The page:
So, let me get this straight. We have Watson telling us a completely believable story where a female character has agency for once and takes care of her own problem (and everyone else’s) by getting rid of Milverton, with perfectly good reason seeing as he’s been blackmailing everyone in town. it makes total sense that he would have shitloads of enemies and that someone would stand up to him eventually, especially if they had nothing left to lose as this woman does, and somehow that’s unbelievable? The only explanation is that Watson must have been lying to us? I’m not saying he would admit it if he and Holmes did commit murder, but the fact that he provided us with an alternative that gives us a woman with agency and an interesting, mysterious backstory makes me think that’s not the case. (Also, I take issue with Moffat’s reading of Holmes as someone who would be totally okay with murder and then letting Watson publish a story about it, but that’s a different post entirely.)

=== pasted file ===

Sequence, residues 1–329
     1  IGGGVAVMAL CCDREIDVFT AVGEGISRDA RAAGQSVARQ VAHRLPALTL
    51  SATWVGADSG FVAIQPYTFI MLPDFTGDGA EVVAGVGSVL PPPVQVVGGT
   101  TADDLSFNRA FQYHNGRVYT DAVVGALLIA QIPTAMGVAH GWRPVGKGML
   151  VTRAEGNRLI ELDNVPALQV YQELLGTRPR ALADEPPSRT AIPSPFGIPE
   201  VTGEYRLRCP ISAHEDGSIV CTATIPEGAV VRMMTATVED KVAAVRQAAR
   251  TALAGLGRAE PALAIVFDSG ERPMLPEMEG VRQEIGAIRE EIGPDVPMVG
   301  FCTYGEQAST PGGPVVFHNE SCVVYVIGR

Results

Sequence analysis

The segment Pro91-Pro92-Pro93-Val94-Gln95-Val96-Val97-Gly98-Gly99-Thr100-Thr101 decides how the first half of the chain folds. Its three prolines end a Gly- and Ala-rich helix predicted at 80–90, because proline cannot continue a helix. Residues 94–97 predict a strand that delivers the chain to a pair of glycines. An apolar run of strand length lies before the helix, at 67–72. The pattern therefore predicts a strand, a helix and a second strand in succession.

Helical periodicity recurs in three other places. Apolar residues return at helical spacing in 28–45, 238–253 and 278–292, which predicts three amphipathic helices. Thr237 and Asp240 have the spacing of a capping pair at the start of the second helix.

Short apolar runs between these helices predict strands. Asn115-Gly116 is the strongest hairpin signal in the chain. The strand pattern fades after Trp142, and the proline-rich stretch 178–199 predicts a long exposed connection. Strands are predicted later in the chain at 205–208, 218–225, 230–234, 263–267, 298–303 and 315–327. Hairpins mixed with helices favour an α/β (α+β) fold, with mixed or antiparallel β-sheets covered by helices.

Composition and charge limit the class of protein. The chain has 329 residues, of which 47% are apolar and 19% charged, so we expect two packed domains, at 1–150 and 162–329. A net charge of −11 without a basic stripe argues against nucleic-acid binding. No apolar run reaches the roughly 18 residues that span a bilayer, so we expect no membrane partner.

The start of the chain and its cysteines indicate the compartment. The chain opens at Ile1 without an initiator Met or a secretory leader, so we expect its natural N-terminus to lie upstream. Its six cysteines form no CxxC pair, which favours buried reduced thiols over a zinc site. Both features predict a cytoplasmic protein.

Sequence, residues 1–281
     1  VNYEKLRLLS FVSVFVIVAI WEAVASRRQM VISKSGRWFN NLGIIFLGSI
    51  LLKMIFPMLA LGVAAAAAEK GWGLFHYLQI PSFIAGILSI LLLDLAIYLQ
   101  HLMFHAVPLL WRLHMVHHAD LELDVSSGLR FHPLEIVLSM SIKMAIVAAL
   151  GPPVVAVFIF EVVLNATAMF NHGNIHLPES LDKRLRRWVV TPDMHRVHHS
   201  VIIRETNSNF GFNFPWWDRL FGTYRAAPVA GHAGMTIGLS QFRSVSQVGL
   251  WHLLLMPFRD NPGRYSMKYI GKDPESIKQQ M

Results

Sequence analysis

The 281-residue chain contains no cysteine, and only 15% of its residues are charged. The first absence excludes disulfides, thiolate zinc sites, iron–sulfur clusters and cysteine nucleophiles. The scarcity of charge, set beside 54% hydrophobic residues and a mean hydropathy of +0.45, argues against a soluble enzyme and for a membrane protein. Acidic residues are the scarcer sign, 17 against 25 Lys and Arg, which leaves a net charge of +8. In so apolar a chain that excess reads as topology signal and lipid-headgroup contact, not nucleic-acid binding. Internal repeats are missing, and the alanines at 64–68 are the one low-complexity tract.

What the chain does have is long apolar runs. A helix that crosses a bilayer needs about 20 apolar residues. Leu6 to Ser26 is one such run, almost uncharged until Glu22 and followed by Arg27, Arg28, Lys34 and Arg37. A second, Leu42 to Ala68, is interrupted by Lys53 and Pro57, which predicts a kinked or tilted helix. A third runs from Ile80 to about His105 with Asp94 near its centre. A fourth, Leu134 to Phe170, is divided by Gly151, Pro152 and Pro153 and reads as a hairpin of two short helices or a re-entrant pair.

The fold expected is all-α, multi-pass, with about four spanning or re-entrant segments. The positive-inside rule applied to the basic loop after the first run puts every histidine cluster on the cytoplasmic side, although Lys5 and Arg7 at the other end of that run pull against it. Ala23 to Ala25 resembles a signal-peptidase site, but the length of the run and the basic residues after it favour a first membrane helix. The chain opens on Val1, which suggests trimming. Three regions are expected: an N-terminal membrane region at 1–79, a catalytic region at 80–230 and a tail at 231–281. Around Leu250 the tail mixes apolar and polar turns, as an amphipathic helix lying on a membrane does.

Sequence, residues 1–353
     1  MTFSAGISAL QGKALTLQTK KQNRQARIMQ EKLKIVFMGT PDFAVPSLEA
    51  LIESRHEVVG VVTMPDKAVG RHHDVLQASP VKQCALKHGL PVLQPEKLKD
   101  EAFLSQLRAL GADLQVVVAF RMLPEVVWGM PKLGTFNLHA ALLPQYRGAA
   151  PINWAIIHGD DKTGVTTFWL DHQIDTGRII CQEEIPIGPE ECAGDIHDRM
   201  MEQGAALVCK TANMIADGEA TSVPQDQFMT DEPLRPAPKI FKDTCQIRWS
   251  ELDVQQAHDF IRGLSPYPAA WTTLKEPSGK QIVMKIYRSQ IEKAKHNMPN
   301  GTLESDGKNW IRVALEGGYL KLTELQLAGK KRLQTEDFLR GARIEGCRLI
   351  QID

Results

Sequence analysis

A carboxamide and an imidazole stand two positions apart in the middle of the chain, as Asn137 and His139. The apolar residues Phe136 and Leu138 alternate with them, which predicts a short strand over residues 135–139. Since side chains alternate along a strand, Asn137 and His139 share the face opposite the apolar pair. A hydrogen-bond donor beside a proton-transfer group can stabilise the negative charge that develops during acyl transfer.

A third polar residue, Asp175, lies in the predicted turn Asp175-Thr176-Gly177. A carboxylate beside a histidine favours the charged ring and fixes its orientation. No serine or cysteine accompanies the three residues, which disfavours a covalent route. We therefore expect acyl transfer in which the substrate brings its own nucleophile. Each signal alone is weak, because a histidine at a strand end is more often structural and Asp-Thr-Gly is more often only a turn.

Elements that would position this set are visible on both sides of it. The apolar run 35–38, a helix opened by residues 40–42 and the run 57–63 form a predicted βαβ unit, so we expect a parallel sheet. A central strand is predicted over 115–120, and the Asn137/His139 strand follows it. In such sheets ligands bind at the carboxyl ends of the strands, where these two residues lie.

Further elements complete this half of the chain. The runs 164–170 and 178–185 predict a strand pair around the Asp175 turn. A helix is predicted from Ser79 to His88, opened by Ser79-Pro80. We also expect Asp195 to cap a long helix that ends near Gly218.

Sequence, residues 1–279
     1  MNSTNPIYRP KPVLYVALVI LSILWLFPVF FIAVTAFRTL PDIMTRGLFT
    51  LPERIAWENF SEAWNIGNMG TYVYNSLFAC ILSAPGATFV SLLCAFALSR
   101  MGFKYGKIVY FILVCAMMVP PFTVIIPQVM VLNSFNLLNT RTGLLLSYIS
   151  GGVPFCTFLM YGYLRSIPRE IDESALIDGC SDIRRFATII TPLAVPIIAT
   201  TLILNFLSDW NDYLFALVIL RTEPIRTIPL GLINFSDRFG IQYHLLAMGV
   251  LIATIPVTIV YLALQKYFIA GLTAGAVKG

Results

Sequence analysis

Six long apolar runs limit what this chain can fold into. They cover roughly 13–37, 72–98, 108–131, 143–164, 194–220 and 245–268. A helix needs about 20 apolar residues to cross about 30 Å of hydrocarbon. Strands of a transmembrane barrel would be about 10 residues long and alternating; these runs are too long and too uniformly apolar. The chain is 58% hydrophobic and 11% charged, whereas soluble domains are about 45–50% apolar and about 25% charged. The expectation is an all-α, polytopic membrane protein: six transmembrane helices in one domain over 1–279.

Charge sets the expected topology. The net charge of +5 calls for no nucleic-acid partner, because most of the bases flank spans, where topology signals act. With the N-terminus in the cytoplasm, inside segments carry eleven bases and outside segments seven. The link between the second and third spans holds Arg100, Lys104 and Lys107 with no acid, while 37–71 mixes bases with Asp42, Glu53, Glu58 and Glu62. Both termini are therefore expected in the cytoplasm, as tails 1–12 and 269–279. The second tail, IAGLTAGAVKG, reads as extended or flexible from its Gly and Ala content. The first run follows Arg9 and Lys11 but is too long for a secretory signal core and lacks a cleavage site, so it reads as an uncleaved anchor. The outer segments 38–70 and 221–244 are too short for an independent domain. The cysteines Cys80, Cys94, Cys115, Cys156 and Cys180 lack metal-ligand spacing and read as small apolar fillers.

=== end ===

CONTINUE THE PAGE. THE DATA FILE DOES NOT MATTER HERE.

Combined with the fact that Moffat took the joy of Irene Adler beating Sherlock Holmes away from us (and then added insult to injury by having him save her as a damsel in distress), I am just too furious to speak right now. The man is apparently incapable of writing a female character with agency, who steals the spotlight away from Sherlock Holmes, ever. I can’t believe people still claim the man does not have any issues with sexism and misogyny. I absolutely cannot understand it.